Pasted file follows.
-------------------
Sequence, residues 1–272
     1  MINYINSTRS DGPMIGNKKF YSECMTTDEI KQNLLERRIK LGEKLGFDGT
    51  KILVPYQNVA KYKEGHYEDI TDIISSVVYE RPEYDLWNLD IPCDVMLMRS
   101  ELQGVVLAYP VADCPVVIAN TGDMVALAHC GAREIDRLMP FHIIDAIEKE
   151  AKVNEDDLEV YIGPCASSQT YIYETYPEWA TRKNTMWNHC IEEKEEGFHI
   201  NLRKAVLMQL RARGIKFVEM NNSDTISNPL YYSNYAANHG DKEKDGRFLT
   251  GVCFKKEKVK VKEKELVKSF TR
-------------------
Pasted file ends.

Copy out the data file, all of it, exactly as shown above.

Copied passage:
Sequence, residues 1–272
     1  MINYINSTRS DGPMIGNKKF YSECMTTDEI KQNLLERRIK LGEKLGFDGT
    51  KILVPYQNVA KYKEGHYEDI TDIISSVVYE RPEYDLWNLD IPCDVMLMRS
   101  ELQGVVLAYP VADCPVVIAN TGDMVALAHC GAREIDRLMP FHIIDAIEKE
   151  AKVNEDDLEV YIGPCASSQT YIYETYPEWA TRKNTMWNHC IEEKEEGFHI
   201  NLRKAVLMQL RARGIKFVEM NNSDTISNPL YYSNYAANHG DKEKDGRFLT
   251  GVCFKKEKVK VKEKELVKSF TR